Opening day of dove season comes with flying doves and some surprises at Des Plaines SFWA
The experience of opening day of dove season at a new field at Des Plaines State Fish and Wildlife Area.
A deer bleating caught my attention Thursday. I sat still while a half-grown spotted fawn gingerly walked into view, then within 10 feet before deciding I didn’t belong and took off with a fare-thee-well flip of its white tail.
Then its twin, now alerted and more wary, walked within 25 feet. It eyed me in the nest I had stamped in the grasses and cockleburs for opening day of dove hunting at Des Plaines State Fish and Wildlife Area. Then it disappeared, too.
Long-time readers can guess how my opening day went if I lead with fawns. It will not end with a gushing report of grilled bacon-and-jalapeno wrapped bone-in dove breasts.
But I had a helluva day.
When I signed in, I chose Field D because I had walked it during deer season. When I said D, office staff tried to guide me to B, the way Peter Sagal tries to point guests to the right answer on “Wait Wait ... Don’t Tell Me!” But staff also said doves had been working both fields the day before.
Des Plaines SFWA, outside of Wilmington, is popular for dove hunting. Forty-two permit holders showed up, another 21 standbys were picked. I counted about 15 others hoping for standby.
At the pre-hunt speech, John Saban bumped into me and said they were going to F.
Field D is small, narrow and across the road from Joliet Motorsports Park. Keep that in mind. Orange paint on vegetation marked hunting spots, rather than the usual stakes and orange ribbons.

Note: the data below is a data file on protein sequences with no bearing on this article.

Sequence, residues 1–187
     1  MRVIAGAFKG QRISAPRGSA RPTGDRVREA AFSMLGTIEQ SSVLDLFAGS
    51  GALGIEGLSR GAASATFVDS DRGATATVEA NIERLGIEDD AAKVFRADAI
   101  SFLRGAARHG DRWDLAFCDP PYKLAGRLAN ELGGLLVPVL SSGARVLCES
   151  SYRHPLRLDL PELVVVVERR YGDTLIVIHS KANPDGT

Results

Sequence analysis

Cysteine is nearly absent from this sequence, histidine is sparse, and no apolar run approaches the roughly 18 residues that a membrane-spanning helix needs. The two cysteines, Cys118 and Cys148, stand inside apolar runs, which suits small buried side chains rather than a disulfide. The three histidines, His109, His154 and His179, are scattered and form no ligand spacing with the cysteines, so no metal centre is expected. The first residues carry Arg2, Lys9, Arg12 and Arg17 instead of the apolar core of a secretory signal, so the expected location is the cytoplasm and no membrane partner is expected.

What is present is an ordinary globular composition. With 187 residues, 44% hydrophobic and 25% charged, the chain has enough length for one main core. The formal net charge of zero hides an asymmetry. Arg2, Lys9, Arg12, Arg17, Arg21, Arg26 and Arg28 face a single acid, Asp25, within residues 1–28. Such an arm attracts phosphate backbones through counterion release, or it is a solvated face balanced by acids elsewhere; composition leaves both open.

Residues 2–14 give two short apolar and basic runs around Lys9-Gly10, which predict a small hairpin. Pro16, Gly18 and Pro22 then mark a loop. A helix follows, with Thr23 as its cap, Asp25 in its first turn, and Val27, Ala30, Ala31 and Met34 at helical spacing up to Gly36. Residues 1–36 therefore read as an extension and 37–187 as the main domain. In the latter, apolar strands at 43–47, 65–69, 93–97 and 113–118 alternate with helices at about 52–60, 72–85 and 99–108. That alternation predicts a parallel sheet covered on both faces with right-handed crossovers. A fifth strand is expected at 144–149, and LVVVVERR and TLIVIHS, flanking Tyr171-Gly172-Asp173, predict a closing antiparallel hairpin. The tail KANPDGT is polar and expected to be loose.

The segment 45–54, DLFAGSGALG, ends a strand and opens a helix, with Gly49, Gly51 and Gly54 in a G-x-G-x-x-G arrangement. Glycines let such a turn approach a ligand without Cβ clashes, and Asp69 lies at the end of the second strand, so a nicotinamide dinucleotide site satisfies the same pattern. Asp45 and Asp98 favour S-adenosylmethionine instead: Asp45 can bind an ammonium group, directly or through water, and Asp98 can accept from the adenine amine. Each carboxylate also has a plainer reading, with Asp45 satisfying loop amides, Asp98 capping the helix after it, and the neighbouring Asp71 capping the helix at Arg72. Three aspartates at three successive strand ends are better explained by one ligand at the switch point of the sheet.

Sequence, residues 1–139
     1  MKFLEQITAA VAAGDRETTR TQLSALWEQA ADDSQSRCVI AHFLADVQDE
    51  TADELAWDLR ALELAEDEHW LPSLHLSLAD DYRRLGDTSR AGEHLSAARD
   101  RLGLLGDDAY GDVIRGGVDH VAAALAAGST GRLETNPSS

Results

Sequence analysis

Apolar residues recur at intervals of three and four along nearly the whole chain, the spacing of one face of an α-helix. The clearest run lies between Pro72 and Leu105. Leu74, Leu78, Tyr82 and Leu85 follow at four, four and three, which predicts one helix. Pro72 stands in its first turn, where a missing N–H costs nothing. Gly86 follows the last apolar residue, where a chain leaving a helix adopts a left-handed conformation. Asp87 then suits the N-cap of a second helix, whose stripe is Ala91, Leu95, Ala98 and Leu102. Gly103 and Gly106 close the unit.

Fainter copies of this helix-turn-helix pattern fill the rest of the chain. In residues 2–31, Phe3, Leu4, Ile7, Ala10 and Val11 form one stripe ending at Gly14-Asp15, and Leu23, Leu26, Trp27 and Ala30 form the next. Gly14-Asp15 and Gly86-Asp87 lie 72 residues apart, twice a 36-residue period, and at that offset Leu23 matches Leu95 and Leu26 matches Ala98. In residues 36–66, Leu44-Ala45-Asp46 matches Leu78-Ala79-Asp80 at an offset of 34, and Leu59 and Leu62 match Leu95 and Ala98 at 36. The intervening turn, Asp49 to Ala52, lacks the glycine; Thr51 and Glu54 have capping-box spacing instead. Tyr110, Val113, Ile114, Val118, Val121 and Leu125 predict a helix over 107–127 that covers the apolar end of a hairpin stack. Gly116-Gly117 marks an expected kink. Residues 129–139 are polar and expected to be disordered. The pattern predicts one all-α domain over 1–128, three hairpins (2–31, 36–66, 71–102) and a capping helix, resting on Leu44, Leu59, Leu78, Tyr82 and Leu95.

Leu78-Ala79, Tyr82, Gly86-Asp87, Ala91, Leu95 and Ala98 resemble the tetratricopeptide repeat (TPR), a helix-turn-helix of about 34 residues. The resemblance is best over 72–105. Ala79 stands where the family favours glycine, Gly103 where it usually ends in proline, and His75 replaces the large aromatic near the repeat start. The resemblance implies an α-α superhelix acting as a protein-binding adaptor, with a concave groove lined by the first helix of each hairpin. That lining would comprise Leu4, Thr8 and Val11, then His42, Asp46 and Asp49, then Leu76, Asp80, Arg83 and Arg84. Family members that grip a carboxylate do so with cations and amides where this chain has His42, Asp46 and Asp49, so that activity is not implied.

The group next to me set up two motion-wing decoys. That mattered. They had far more action than I did. I did have a few silhouette decoys, made by retired Prosser shop teacher Frank Lagodny.
At the noon start to shooting, three vultures floated nearby. I couldn’t decipher the symbolism. On a practical level, I should’ve brought my 20-gauge out instead of the 12. The 20 would have been easier and quicker to swing in the small field.
As usual lots of goldfinches worked sunflowers. Robins and blue jays plied the edges and woods before the shooting crescendoed.
Our shooting was spread out in spurts.
A flurry came near 2:30 when the shadows from the treeline to our backs, mercifully, reached out to shade us.
About 3:15 the motocross crowd started running, gunning and jumping around the track, I’m guessing the kids were out of school. Maybe it was a coincidence, but flocks of doves started flying one after another after they started roaring around.
Late afternoon, I had a hummingbird work a cocklebur inches from my face.
With an hour to go, one of the fawns made an encore appearance until a round of shooting down the line spooked it.
It was time.
Doves were still flying at the 5 p.m. end of shooting.
The daily bag is 15 mourning/white-winged doves. There are no limits on Eurasian-collared doves and ringed turtle doves, but you may not continue hunting them after reaching the daily limit of mourning/white-winged doves.
In the last couple decades, nonindigenous Eurasian-collared doves (slightly bigger than mourning doves with a raspier call, blockier tails, and a small dark collar) have become more noticeable, both in the field and towns.
After the hunt, Saban texted that his group bagged 13, 12 and eight doves and that it was “Pretty slow until 3.”
Then added, “[Field] G had better shooting.”
In recent years, Illinois has split dove seasons. This year first season runs through Nov. 14. The second is Dec. 26 to Jan. 9, 2023.